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Bridge Michigan
Michigan’s nonpartisan, nonprofit news source

How to talk to an American

Tell any American college student that you’re tailgating, hooking up or going on a pub crawl, and they’ll know you’re talking about partying before a sporting event, having casual sex and stopping at various bars to drink.

But the phrases often are a confusing mishmash to international students on U.S. campuses, who struggle to figure out not only American slang but behaviors some can find puzzling, such as challenging professors.

That confusion prompted a Michigan State University journalism class to ask MSU international students what questions they had about Americans. The result is a 50-page guidebook, “100 Questions & Answers about Americans,” that’s now available for just under $10 at Amazon and Barnes & Noble online.

“I didn’t know they didn’t understand us,” said Joe Grimm, the visiting editor in residence at the School of Journalism who led the one-credit class that produced the guidebook in 70 days. “It gives us a new picture of ourselves.”

It also gave the American and international students a chance to interact and find out more about each other. Journalism major Max Gun said the funniest question he heard was from a Chinese student who wanted to know why Americans obey traffic laws requiring them to stop at stop signs and red lights, because such laws are largely ignored in China.

“It took him a couple of weeks to get used to following the rules,” Gun said. “He told me he learned his lesson after getting three traffic tickets in his first week of driving in America.”

A record number of international students are attending U.S. colleges and universities, according to the Institute of International Education, with more than 800,000 in the 2012-13 academic year. MSU is the ninth most popular university in the nation among foreign students, with more than 6,700 from 131 nations, mostly from China. (The University of Michigan ranks eighth.) As a state, Michigan has 27,000 international university students, also ninth. Grimm thinks the guidebook can meet a huge need in Michigan and nationally.

Linh Dao, a freshman from Vietnam studying supply-chain management and packaging, got a copy from Gun last Friday at MSU’S Office of International Students and Scholars coffee hour.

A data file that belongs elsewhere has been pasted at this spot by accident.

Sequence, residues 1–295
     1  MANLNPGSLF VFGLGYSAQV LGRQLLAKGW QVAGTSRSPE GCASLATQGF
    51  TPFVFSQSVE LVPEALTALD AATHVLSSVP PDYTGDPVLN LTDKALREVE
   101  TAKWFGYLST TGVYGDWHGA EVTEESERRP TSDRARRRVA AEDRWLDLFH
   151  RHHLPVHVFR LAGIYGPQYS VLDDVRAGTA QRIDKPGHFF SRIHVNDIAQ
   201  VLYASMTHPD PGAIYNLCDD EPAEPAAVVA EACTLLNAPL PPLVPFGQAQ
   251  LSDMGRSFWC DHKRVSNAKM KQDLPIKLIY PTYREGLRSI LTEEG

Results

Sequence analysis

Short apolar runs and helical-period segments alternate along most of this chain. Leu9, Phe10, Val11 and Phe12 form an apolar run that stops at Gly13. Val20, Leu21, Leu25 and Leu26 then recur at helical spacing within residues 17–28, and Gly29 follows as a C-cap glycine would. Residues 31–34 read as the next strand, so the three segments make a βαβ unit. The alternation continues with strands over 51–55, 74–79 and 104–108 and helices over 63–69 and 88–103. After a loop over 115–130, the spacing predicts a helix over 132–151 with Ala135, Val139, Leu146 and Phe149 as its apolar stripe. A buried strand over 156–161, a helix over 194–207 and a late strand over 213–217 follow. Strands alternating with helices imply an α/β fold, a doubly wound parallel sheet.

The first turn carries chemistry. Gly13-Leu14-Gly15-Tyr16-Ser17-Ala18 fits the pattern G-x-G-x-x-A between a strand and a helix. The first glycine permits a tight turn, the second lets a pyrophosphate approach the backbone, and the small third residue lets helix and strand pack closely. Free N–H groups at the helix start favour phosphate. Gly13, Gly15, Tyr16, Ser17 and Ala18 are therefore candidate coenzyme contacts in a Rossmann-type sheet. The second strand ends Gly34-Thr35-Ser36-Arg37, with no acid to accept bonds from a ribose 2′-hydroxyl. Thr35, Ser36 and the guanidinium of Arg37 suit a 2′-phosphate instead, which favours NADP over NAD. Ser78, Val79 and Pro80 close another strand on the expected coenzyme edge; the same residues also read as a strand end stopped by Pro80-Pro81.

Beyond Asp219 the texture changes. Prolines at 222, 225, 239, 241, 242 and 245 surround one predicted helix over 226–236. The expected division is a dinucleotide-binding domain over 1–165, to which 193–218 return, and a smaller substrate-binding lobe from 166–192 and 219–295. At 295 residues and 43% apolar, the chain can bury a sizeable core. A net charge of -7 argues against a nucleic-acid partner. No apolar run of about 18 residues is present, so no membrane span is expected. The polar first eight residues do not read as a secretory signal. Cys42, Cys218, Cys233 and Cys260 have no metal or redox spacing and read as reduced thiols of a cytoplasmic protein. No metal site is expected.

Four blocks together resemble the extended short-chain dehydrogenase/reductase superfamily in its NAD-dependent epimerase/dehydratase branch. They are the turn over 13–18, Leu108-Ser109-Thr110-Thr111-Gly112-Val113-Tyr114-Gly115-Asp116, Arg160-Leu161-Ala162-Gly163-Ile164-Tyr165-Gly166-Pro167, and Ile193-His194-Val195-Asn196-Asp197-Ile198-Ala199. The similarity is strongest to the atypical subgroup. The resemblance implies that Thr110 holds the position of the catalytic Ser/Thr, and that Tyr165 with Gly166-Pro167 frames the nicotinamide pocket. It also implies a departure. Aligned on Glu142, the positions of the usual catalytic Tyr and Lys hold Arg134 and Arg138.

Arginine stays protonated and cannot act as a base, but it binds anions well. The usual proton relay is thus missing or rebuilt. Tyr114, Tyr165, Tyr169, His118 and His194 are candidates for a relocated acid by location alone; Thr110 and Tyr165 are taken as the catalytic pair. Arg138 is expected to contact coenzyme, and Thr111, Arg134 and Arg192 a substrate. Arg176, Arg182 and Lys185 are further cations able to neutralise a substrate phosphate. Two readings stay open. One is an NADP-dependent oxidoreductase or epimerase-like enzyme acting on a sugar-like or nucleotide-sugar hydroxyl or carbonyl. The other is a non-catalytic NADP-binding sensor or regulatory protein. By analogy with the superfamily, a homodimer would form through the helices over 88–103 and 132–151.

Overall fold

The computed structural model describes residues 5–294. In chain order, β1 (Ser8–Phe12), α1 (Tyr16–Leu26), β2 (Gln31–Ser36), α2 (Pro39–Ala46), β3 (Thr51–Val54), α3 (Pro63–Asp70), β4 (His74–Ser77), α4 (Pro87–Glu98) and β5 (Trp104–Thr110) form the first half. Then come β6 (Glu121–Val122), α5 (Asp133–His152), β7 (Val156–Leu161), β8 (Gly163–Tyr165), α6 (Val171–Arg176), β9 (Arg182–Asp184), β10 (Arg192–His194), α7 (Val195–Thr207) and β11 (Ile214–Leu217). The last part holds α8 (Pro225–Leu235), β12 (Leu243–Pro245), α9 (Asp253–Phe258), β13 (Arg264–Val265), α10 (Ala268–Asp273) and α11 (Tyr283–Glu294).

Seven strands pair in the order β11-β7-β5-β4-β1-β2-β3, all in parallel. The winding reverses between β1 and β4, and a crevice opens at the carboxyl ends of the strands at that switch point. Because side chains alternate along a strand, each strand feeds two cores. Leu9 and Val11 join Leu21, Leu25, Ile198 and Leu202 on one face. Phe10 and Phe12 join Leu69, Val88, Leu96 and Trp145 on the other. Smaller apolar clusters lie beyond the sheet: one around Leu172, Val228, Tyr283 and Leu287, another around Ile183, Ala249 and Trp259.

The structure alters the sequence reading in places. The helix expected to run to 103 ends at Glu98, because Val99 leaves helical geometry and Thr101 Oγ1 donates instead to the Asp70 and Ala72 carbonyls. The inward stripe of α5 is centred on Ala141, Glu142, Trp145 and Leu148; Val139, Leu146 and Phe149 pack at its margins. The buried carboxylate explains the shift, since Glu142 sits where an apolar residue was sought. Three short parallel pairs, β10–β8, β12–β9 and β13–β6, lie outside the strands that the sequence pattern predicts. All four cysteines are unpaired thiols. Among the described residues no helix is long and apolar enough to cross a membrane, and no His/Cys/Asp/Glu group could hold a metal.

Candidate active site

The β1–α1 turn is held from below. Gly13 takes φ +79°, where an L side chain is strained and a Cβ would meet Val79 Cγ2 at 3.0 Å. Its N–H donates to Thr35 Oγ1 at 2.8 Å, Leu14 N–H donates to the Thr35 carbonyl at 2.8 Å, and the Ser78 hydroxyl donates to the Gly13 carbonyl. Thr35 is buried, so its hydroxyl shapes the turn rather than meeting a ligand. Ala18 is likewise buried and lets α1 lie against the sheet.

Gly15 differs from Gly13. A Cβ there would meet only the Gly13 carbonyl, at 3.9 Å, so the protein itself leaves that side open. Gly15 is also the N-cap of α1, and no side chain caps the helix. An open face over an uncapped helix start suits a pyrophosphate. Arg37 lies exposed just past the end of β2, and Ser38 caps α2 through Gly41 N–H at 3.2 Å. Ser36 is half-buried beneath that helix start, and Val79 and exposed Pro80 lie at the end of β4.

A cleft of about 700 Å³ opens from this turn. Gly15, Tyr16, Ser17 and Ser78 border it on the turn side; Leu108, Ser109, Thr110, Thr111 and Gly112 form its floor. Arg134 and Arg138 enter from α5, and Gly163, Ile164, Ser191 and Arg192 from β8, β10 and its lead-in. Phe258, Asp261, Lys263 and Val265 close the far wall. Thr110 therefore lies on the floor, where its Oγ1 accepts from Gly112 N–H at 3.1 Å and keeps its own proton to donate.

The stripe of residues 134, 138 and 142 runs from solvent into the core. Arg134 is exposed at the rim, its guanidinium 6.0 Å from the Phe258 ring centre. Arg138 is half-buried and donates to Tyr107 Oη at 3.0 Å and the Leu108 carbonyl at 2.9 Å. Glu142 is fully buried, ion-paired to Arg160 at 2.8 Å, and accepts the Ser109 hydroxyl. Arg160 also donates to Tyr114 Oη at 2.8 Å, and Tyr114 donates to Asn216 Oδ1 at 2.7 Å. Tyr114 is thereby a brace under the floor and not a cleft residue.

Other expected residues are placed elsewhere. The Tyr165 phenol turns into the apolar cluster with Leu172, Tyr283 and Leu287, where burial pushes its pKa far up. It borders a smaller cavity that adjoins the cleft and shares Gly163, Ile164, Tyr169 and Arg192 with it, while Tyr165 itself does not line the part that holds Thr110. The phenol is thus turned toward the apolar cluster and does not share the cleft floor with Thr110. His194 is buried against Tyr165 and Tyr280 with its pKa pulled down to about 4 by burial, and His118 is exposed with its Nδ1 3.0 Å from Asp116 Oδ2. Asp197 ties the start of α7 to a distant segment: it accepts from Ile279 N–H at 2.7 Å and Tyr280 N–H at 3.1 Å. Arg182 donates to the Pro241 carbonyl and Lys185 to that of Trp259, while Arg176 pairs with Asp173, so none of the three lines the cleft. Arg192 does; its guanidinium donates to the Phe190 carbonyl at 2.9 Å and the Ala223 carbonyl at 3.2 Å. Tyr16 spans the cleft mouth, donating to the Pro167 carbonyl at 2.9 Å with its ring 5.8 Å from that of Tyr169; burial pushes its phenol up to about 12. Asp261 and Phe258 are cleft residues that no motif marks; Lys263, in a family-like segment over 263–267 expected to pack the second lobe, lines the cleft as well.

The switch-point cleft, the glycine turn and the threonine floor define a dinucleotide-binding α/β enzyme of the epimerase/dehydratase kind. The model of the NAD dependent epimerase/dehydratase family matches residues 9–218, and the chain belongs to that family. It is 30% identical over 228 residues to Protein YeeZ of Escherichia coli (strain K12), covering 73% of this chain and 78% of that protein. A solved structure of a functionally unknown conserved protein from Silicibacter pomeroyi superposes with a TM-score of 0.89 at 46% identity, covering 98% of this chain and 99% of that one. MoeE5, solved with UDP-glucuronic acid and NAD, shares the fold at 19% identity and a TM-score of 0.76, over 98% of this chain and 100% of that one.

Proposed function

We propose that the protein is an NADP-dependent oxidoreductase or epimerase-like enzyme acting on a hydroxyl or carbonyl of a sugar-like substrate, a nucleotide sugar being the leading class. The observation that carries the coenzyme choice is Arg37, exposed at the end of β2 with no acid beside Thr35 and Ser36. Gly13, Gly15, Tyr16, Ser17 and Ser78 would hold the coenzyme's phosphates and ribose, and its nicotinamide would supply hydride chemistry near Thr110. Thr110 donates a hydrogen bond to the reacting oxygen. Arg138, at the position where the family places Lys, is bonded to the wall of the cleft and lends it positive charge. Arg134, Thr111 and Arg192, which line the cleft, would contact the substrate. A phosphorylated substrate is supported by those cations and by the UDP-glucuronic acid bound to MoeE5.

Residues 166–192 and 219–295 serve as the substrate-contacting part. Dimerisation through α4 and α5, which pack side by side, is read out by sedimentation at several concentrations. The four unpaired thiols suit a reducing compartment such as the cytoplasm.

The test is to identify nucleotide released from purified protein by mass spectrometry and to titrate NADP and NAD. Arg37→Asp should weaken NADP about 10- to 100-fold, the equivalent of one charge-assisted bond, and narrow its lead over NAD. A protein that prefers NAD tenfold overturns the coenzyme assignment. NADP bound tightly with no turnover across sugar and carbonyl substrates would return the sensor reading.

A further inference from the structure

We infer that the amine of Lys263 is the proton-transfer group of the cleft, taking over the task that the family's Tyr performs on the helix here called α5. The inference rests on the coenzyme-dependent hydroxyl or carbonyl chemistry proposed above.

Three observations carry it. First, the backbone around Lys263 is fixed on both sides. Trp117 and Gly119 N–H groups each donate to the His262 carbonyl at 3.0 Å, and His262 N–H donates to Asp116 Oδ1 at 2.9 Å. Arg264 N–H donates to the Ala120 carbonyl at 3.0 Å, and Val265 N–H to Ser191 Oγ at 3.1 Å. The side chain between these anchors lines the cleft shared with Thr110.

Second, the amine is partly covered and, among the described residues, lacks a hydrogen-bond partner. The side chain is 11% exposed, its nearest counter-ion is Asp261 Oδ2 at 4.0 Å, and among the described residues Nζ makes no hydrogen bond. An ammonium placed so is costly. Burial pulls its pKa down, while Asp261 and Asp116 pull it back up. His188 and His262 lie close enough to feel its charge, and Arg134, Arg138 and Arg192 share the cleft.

“I’m involved in a student organization that tries to bring domestic and international students together, so I think the book is a very useful resource for international students to gain insights about life in the U.S.,” she said.

Gov. Rick Snyder is pushing for more international students to study and stay in Michigan. The Global Talent Retention Initiative, funded by the Michigan Economic Development Corporation and a grant from the New Economy Initiative of Michigan, is bringing together Michigan universities, economic development groups, ethnic chambers of commerce and professional organizations to help retain top international talent in the state by finding them jobs with Michigan companies.

While some of the questions in the guidebook involve serious topics such as why racism is such an issue in the U.S., why there are so many guns in the U.S. and how common divorce is in America, others are more lighthearted.

“Why are American men so tall?” is one question asked and answered in the book. “What does hand holding mean in America?” is another.

Then there are questions such as, “If marijuana is illegal, why do so many people smoke it?” and “Does dating mean having sex?” and a question about why Americans seem to constantly spend money or want to be entertained.

“They wonder why Americans say, 'How’s it going?’” Grimm said. “That came up a lot – and it came up from a lot of different students, too.”

The 16 students in Grimm’s “Bias Busters” journalism class interviewed about 50 international students from every continent except Antarctica. Not all of them saw Americans the same way. One woman from Saudi Arabia wanted to know why Americans work so hard, Grimm said, while a Chinese student wondered why Americans didn’t work harder.

Grimm plans to have another “Bias Busters” class begin work in a guidebook for Hispanic and Latino students in January, and also will reprint guides on Arab-Americans and Native Americans next semester. A class he taught last spring produced a guidebook to help Americans better understand students and immigrants from India. All are or will be available as paperbacks and e-books.

Gun said working on the book helped him better understand the international students on campus.

“This project made me realize the importance of making people feel comfortable in potentially uncomfortable situations -- such as moving to the United States and not knowing much about Americans,” the third-year student said. “Helping create this guide was a tremendous learning experience.”

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